Microsoft Corporation (NASDAQ:MSFT) won a case related to the protection of e-mails stored overseas on Thursday. The Court of Appeals ruled that the U.S. government cannot force the company to turn over e-mails stored in Ireland as part of a drug investigation.
The Court of Appeals reverses a 2013 decision, which ordered Microsoft to turn over the e-mails of a suspected drug trafficker. The software giant appealed the decision with an argument that it would create a “global-free-for-all” and foreign government would have the reason to force companies to hand over evidence stored in the United States.
On the other hand, the U.S. government argued that a ruling in favor of the software giant would create a legal loophole, which could be taken advantage of by drug traffickers, hackers, and fraudsters.
In the ruling, U.S. Circuit Judge Susan Carney wrote that the law does not “authorize courts issue and enforce against US-based providers warrants for the seizure of customer emails stored exclusively on foreign servers.”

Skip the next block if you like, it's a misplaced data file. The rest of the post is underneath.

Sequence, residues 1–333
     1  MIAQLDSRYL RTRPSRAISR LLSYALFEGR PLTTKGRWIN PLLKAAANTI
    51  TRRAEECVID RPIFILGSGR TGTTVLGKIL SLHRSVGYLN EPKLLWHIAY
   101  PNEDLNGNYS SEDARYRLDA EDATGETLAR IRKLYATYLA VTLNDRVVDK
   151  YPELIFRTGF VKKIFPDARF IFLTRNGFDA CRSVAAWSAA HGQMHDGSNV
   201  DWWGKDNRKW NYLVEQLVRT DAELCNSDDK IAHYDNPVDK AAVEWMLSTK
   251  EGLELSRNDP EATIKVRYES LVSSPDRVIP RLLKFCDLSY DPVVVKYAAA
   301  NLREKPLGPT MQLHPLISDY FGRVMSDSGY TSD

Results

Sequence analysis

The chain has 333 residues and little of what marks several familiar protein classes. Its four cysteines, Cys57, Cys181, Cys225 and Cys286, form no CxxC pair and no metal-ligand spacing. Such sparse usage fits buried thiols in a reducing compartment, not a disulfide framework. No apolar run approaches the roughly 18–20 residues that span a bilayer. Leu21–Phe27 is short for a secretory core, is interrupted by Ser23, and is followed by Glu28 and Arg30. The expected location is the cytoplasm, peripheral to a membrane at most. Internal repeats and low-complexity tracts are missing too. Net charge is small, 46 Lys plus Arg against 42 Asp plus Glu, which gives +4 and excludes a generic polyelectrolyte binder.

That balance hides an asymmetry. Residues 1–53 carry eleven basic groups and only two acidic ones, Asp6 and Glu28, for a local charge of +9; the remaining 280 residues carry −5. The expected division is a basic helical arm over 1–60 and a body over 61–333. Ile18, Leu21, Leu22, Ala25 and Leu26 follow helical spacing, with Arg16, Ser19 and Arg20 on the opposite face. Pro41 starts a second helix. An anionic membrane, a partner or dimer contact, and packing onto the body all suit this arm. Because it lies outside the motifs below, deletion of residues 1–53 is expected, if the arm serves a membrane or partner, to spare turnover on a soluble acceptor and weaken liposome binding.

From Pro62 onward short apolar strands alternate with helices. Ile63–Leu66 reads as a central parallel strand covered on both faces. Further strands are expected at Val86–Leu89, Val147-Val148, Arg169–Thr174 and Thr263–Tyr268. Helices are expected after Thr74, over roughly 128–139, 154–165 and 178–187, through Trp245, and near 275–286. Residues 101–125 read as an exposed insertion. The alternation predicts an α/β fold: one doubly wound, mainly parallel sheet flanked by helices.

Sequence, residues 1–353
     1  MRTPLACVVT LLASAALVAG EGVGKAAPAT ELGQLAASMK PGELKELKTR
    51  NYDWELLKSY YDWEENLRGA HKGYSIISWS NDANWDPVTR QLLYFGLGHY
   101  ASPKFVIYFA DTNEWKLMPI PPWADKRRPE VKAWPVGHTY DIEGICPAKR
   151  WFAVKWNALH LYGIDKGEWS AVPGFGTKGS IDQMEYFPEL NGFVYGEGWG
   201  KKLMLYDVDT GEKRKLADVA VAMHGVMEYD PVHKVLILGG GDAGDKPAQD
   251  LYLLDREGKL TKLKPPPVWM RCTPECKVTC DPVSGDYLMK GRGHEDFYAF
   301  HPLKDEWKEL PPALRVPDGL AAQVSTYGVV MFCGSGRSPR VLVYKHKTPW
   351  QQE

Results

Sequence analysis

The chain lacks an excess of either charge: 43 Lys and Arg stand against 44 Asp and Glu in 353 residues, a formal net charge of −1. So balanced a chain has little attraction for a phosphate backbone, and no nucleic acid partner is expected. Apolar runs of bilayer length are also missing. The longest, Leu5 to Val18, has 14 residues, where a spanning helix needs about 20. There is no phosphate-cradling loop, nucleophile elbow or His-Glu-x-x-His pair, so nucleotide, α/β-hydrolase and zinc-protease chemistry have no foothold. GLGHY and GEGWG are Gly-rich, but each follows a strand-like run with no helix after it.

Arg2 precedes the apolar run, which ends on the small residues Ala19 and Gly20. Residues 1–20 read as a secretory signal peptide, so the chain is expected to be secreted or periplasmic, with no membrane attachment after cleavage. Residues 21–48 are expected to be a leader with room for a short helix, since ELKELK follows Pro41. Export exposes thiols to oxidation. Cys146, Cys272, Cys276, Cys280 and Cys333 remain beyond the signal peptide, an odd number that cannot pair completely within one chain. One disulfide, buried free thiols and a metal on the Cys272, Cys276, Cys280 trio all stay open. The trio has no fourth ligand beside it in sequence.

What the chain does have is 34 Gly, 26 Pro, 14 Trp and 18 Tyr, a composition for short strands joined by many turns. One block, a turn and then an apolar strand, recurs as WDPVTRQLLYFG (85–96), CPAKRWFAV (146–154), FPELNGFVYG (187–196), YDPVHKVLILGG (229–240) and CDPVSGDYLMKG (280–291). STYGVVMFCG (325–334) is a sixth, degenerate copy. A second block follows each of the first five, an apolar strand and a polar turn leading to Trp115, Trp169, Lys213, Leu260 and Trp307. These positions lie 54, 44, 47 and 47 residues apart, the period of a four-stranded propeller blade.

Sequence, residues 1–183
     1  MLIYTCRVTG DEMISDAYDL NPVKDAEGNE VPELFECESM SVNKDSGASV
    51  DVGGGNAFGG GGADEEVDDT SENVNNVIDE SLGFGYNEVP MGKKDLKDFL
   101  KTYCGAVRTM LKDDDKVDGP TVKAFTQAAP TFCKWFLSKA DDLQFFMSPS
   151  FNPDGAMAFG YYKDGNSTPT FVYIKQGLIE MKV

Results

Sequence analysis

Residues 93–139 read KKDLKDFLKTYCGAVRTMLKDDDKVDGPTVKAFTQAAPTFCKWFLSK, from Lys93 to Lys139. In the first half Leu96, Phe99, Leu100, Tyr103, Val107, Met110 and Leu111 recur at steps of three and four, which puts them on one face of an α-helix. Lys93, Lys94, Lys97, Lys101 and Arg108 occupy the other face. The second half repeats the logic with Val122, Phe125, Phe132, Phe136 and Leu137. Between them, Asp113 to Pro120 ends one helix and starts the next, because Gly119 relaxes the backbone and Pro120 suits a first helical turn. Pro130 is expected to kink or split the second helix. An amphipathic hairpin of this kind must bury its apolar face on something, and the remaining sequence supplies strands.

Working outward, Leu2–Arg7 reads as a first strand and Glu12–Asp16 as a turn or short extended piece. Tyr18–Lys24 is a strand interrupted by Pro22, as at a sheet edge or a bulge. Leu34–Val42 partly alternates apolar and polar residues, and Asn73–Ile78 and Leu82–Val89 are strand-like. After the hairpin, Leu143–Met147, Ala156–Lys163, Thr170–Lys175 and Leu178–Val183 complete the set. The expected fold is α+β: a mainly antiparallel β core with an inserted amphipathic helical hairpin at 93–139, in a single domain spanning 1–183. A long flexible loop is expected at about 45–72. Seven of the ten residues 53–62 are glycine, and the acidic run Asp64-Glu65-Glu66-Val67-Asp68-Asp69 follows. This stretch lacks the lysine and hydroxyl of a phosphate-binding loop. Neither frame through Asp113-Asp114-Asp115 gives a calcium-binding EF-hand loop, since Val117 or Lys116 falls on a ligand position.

Other tech companies supported Microsoft in court
Other technology companies including Amazon.com (NASDAQ:AMZN), Apple (NASDAQ:AAPL) and Cisco Systems (NASDAQ:CSCO) supported Microsoft in the court.
Microsoft together with its partners and competitors in the industry pointed out that providing the U.S. government access to data stored overseas could create a chilling effect on the cloud technology sector, which is growing rapidly.
They also emphasized that it would discourage international clients particularly in government and highly-regulated industries and would prompt them to avoid U.S. cloud providers.
Obtaining evidence through foreign governments
Prosecutors said the process of requesting evidence from foreign governments can be time-consuming. They argued that U.S. law allows them to obtain data directly from companies based in the country that opted to store it in servers located overseas.
The case between Microsoft and the U.S. government is centered on the Electronic Communications Privacy Act of 1986, which was intended to protect users’ privacy. The law was enacted prior to the widespread use of e-mails, instant messages, and social networks. The Court of Appeals explained that the law does not have provisions for the application of warrants overseas.